Wednesday, May 18, 2011

Ethiopia Day Seven -- sadness and hope

A good night's sleep at the Addis guest house, a good breakfast, and we were ready to go by the middle of the next morning.

The first stop was the Addis Fistula clinic made famous in the documentary "A Walk to Beautiful". If you haven't seen this film, which is very moving, and won a 2009 Emmy, you can purchase it by linking to the website here. Or keep your eye (and DVR, if you have one) on your TV guide, as it still airs fairly regularly -- definitely worth the time to watch.

Most Americans are unaware of fistula's -- a birth related injury to the mother which can cause her to be incontinent, among other issues. The condition is brought about by a number of factors not normally seen in the U.S., but fairly common in Ethiopia, where an estimated 10,000 cases occur each year. The injury is repairable with relatively inexpensive surgery in 90% of cases, but since most women are unaware of this, they don't seek treatment. Instead they become ostracized in their villages, often retreating to a hut to live out the rest of their lives in isolation and misery. It's a terrible situation. In the 1960's, an Australian couple founded the Fistula clinic in Addis to perform the repair proceedure free of charge. The scope of the clinic has since been expanded to include physical rehabilitation and social assistance. The clinic even finds a place for the 10% of women who's fistula can not be repaired. It is wonderful and inspiring work, having helped some 35,000 women since it's founding. I'm humbled by the enormous human impact the founders have had on so many lives. Lives that would have otherwise persisted in physical and emotional pain.

After a quick lunch, we made our second stop at the Beza Entoto Outreach Center (BEOC). This is a much more recent NGO (started in 2007), providing aid to a community of people living in abject poverty on Entoto Mountain in the outskirts of Addis, most of whom are HIV positive. Most of these people, also social outcasts because of the stigma attached to their disease, live under deplorable conditions with no real means to meet their daily needs for food, water or shelter. The Outreach center was set up initially to feed the Entoto residents, but quickly expanded to a job creation project, teaching women to make jewlery from coffee beans and scrap metal. Their plans extend to additional job training, and other product production as well. BEOC also provides a child development program, adult education and health care as well. While not as well funded as the fistula clinic, it was inspiring to see so many of these outcast and socially discarded people happily at work producing jewelry and interacting. Another amazing effort on the part of a few motivated and giving individuals.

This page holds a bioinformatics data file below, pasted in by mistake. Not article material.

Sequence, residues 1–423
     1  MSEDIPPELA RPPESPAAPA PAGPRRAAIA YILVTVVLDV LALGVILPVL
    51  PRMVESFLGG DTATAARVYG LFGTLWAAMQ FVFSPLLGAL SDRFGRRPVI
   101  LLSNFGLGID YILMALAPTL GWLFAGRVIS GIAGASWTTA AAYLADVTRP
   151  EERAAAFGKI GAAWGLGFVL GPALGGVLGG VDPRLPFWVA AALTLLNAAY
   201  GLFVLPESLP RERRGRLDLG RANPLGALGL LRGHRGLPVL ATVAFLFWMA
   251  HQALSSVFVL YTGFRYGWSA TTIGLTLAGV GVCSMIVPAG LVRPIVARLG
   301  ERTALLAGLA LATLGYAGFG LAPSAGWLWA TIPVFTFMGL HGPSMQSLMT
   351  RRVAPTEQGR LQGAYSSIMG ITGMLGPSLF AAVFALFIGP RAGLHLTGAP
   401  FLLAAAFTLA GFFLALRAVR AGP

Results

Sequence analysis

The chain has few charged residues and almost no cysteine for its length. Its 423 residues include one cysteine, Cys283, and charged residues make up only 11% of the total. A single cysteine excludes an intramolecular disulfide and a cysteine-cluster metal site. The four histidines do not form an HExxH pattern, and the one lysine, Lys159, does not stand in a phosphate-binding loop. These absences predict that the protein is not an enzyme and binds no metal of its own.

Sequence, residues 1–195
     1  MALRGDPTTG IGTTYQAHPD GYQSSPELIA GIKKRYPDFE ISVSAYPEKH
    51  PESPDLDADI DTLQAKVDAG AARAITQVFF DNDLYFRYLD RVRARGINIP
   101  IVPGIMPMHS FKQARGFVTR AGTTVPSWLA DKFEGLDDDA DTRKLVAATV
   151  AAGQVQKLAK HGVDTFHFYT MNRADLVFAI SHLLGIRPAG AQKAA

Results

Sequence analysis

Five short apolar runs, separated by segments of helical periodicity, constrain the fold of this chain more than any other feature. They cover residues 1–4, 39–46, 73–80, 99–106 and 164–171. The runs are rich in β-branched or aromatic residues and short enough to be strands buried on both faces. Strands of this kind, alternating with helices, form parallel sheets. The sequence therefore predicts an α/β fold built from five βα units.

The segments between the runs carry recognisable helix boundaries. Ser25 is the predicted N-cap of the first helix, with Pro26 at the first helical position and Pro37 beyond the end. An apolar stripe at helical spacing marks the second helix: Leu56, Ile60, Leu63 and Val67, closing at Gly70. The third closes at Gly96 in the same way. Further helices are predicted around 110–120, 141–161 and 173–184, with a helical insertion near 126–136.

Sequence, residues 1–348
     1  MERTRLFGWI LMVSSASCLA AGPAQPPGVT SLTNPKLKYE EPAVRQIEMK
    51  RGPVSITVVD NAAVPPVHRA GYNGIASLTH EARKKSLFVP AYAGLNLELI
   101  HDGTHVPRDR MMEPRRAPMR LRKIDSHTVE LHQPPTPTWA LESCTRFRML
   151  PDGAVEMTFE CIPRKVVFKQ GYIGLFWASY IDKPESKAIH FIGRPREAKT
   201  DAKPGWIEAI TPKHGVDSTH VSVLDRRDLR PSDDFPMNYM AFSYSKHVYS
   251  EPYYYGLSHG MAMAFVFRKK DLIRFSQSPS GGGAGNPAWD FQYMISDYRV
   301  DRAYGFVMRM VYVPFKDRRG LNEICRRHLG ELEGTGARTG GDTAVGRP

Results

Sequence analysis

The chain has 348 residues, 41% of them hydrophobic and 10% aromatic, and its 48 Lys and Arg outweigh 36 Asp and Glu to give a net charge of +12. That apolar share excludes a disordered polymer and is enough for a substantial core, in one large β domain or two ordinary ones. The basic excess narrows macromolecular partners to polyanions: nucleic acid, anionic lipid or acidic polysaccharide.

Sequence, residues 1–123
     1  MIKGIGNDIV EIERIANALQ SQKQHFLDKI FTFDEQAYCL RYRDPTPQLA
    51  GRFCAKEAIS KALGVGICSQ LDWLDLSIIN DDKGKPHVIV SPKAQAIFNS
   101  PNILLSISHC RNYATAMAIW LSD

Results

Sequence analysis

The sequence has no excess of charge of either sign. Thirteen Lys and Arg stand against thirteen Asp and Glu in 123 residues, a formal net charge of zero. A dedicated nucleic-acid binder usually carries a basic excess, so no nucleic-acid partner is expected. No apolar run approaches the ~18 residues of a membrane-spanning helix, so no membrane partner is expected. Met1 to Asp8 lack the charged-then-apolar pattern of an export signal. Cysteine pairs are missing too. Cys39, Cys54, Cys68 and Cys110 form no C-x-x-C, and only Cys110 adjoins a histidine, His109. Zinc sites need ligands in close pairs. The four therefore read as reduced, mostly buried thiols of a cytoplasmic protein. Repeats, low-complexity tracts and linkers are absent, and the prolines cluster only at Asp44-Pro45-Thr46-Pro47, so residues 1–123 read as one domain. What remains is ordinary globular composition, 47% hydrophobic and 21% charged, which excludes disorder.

After a short rest back at the guest house, we went to Yod Abyssina, a cultural restaurant (the best I've sampled so far) in Addis. Their program included traditional food, drinks, dancing and music. It was wonderful.

The night was essentially a repeat of prior one -- piano bar, followed by a Raggae club. I again bowed out after the piano bar, knowing my cold was getting worse, and realizing I'm just not a night owl anyway.

That night I couldn't stop thinking about the strength and generosity it would take to drop your life in Australia (or the U.S.), and dedicate yourself to helping the poor and suffering in distant Ethiopia. How does a person make such a decision for themselves and everyone else in their lives, I wondered as I drifted off to sleep.

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